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In Tiananmen of Games, No Trace of '89 Massacre

Fireworks set off as part of the Games' Opening Ceremonies illuminated the sky above paramilitary police stationed in a refurbished Tiananmen Square.
Fireworks set off as part of the Games' Opening Ceremonies illuminated the sky above paramilitary police stationed in a refurbished Tiananmen Square. (By Nick Laham -- Getty Images)
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Washington Post Foreign Service
Tuesday, August 12, 2008; Page A01

BEIJING, Aug. 11 -- The Tiananmen Square that Liu Xiaobo knows is not the same one Olympics fans are seeing on television.

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With a jubilant, 55-foot-high "Beijing 2008" sign revolving at its center and 1 million newly placed potted flowers, the square this week and next is the scene of graceful dance and sports performances most mornings, a fairyland of colored-light displays each night.

Liu's Tiananmen harks back to June 4, 1989, when the Chinese government deployed troops and tanks to crush pro-democracy demonstrations, killing hundreds, if not thousands, of people in the square and nearby streets.

Though he lives in Beijing, Liu has not returned to the square since that night. It is still too painful.

"It is very hard to change the image of Tiananmen in people's hearts, just by adding green plants, flowers and statues," said Liu, 53, an adviser to the student demonstrators nearly 20 years ago.

But a reinvention of Tiananmen is precisely what the Chinese government is seeking. And of all the public image campaigns it is pushing during the Games -- the green China, the modern China, the harmonious China -- the carefully manicured presentation of a new Tiananmen is the boldest, and perhaps trickiest, of all.

"The theme is 'The whole world happily greets the great events of the Olympics, reform and opening up to create a harmonious period,' " Qiang Jian, the deputy chief of the Beijing office in charge of beautifying the square for the Olympics, told reporters the week before the Games opened.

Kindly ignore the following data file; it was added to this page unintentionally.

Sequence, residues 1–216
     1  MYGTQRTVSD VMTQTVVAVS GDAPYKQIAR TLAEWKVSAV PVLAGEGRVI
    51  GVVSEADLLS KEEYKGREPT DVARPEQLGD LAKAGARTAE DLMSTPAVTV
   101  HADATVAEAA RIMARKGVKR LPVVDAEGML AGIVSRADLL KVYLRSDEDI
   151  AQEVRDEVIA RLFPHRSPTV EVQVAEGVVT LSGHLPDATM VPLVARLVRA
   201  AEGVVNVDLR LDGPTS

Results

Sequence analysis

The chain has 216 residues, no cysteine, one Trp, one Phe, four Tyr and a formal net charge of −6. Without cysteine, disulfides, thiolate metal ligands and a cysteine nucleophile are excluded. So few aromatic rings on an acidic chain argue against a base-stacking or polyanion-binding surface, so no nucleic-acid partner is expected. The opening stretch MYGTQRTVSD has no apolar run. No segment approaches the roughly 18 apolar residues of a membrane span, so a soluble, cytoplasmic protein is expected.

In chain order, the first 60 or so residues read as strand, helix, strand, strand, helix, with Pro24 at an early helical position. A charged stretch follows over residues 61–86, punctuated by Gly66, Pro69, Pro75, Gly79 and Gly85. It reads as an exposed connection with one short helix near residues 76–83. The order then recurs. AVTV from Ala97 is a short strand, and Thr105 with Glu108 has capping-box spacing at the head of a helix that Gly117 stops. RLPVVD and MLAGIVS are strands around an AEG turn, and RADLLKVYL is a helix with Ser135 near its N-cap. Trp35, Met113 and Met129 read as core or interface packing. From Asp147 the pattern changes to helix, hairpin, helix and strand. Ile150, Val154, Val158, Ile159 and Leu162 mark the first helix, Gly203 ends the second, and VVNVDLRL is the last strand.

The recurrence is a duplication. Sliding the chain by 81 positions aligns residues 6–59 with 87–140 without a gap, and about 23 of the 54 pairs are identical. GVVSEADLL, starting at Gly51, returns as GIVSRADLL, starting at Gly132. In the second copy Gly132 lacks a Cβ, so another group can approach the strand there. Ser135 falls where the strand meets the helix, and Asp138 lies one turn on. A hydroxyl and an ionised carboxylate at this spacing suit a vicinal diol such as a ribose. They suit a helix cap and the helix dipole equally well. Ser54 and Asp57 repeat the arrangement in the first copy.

To preserve its approved picture, the government has limited live broadcasts from the square to certain hours of the day and banned live interviews. Officials also tried to require foreign journalists to register before working at Tiananmen, though that plan seemed to fizzle when many reporters simply ignored the notice.

Police and paramilitary officers patrolling the square are careful to use plainclothes officials and neighborhood volunteers to tussle with the few protesters who have succeeded in staging small demonstrations in recent days, to be sure no photos are taken of those in uniform using force.

The Chinese public knows very well not to mention the events of June 1989. "It is not discussable," said Liu, who knows because he spent nearly five years in prison and labor camps for refusing to remain silent.

The forced amnesia is perpetuated in Chinese schools, where the lessons of the Tiananmen massacre are not taught in history class. If it is mentioned at all, students are instructed that some soldiers lost their lives putting down an unruly anti-government mob.

Instead, students are taught to think of Tiananmen in terms of the founding of the People's Republic of China, which Communist Party Chairman Mao Zedong announced in 1949 as he stood atop Tiananmen Gate. The generation of students graduating college these days grew up singing a song with the words: "I love Tiananmen in Beijing, the sun rises from Tiananmen, great leader Chairman Mao guides us to go forward."


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